Wednesday, July 30, 2008
Maggie turned 15 today, officially, although Ian couldn't stand it anymore and told her what her present was on Monday. By the time I got home from work at 11:30 a.m., they had already opened it up and had friends over playing Rock Band. It hasn't been quiet in the house since! As you can see at the bottom of the picture, her friends have come over and been bringing wigs and costumes to rock out in.
Here it is, 10:30 at night, and we still have a basement of teenagers.
But let me talk about Maggie. Except for the sibling rivalry between the girls, Maggie is full of life and laughter. She is a joy to have as part of our family. Even her friends commented this afternoon that they love it when she's around because she laughs at everything (and her best friend, Anna, said that being in our house had the same effect on her as she laughs whenever she comes over). Her dad and I love that we tell her a joke and about 15-20 minutes later, we hear her laugh and say, "I get it!". She is so loving and tender with Griffin and a good listener to Ian. She sets an awesome example of modesty for Ellie and all her friends. When it was 107 in Italy and we were sweating, I said to her, "Maggie, you don't have to wear 2 tank tops under your shirt. It's okay." She responded, "Mom, modest is hottest, and if that means literally, then that's okay." I couldn't believe it. She tries so hard to do the right thing and is always aware of the influence she has with others by the choices she makes and the example she sets. We love you very much, Maggie, and are grateful to have you as part of our family.
P.S. I'm locking you in the house for your 16th birthday!
Sunday, July 27, 2008
Living in Utah gives us the distinct advantage of adding a holiday to the work schedule. Thursday the 24th was Pioneer Day. Our local ward celebrates every year at the house of one of our neighbors with an enormous breakfast. They provide all the pancakes you can eat, and everyone else brings something to contribute. This family has a tree house, trampoline, zip line, swingset, basketball court, and lots of room for tables and chairs to be set up. It's one of my kids' favorites of the year, so we were there bright and early. John, unfortunately, is never able to attend since his line of work doesn't allow for the 24th off. We ate until we could eat no more, then headed home to rest it off until lunch when I had a promise to keep for Griffin. During his brief hospital stay, he begged and pleaded to go anywhere else, but mostly to Carl's Jr. (Not for the food--for the playland.) I told him that if he could just hang in there, I would take him on Pioneer Day. So still full from breakfast, Griffin, Maggie, my friend Cherise and her mother Joyce, and I headed off to the playland. I let him play for about 20 minutes while the rest of us "ate" and then we took off for home where I dropped he and Mags off so Cherise, Joyce and I could make a dent in the missionary shopping for Cherise's son who was leaving the next week to India for two years.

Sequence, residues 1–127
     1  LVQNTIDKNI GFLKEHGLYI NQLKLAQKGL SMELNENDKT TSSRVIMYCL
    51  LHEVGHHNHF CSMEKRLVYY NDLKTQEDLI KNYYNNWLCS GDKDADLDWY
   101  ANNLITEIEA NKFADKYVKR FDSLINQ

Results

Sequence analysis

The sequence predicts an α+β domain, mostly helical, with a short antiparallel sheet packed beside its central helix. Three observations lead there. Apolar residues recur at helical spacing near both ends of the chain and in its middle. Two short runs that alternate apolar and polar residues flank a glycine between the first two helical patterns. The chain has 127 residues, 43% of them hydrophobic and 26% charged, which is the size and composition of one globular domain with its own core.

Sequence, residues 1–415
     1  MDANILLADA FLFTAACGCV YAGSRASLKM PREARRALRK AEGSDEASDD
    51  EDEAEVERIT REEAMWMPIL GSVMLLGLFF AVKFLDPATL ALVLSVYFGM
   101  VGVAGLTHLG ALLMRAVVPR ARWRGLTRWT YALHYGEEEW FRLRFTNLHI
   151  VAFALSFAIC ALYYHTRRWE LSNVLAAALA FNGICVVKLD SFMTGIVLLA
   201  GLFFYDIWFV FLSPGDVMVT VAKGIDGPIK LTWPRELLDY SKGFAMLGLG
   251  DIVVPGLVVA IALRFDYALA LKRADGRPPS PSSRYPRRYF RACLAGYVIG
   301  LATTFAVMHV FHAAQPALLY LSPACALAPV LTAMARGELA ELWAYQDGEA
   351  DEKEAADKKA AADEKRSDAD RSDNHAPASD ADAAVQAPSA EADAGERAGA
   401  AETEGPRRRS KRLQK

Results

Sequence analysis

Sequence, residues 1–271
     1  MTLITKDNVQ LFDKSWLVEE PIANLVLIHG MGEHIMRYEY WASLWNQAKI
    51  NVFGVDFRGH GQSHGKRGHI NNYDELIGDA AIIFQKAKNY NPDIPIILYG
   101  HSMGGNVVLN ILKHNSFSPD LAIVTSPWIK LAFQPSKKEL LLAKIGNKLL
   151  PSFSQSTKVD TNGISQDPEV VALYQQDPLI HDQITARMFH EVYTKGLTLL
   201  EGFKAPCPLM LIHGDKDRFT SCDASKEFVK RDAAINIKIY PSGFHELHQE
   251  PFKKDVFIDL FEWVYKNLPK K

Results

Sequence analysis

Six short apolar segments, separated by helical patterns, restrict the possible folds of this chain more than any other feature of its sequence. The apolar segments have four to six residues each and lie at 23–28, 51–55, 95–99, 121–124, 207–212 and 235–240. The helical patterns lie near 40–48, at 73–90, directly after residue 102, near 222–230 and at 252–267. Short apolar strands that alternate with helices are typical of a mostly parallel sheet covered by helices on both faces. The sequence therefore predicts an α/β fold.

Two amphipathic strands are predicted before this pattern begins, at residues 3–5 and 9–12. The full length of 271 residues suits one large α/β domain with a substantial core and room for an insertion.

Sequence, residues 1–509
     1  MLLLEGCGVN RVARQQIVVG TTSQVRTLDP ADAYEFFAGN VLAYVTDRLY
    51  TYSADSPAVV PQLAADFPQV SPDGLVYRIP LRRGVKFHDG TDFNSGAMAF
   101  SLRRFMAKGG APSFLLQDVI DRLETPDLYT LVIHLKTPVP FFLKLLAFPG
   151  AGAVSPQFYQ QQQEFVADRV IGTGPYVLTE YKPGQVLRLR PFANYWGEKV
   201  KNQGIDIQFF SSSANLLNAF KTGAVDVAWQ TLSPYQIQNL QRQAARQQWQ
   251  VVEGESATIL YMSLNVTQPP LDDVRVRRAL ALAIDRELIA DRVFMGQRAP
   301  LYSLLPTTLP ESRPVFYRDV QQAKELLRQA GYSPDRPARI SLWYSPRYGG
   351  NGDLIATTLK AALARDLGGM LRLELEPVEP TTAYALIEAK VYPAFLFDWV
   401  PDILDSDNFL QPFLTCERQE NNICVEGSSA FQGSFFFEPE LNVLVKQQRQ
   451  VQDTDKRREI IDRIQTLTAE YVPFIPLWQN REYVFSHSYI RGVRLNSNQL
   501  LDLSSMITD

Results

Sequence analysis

Monday, July 21, 2008
I can't believe I have to use this graphic again. John and I took some time to go out Friday night to get new light fixtures for the living room when we received a phone call from Ellie. Griffin was going down the hill on his scooter and had fallen off. He was scraped up a bit, but Maggie had been able to help him using all her girls camp training. The problem was he hit his head and Ellie was sure he had a concussion. We figured she was overreacting, but told her we would be right home. (Fortunately, Lowe's is less than a mile away.) He didn't even pull the car in all the way joking that one of us would be on our way to the hospital.
When John checked out Griffin's head, he looked at me and said, "Um, we need to get him to the hospital. Feel this." I assured him that I didn't need to feel anything but would take him. He said, "No, you have to feel this." Even as I was touched the edge of the goose egg, I could tell it was bad. So we were off to the hospital with another head injury, different child.
Griffin was really worried about what was going to happen. As we encountered each person, he would pitifully ask, "Do you have a needle?" to which everyone could answer, "No, I don't." That was followed by, "Are you going to use leeches on me?" Now, where this came from, I can't tell you, but he was convinced that leeches were somehow involved in his treatment. He also would ask if he was going to die. They were able to reassure him that this was probably the one place they could help prevent that, so he didn't need to worry. The evaluated him and took him in a wheelchair (the highlight of his stay) for a CT scan where they confirmed a fractured skull. As they debated whether or not to keep him overnight for observation, they realized his anxiety levels were so high that he would probably recover better from home. So I got the night shift and was on duty to wake him every two hours to see if he could answer simple questions. The only one that worried me was the 4 a.m. awaking because he couldn't tell me much and the answers were coming out as gibberish. It took about 15 minutes of trying to rouse him to a sufficient level of consciousness, but once we got there, it was clear that he was okay, just really tired from all the activities and injury. I, on the other hand, didn't sleep at all that night (yes, I was really fresh and firing on all cylinders for Maggie's BYU interview).
He stayed home from church yesterday where we re-enacted Captain Moroni and the Title of Liberty (granted, on a smaller scale). He still has a headache, which we certainly expect, and a diminished appetite and activity level, but seems to be mending well. I only hope he'll get back on his scooter again--this time with the helmet he's supposed to wear when riding it.
I guess we've achieved our hat trick of head injuries with the kids. Only Ian left. Maybe I'll make him walk around with a helmet 24/7.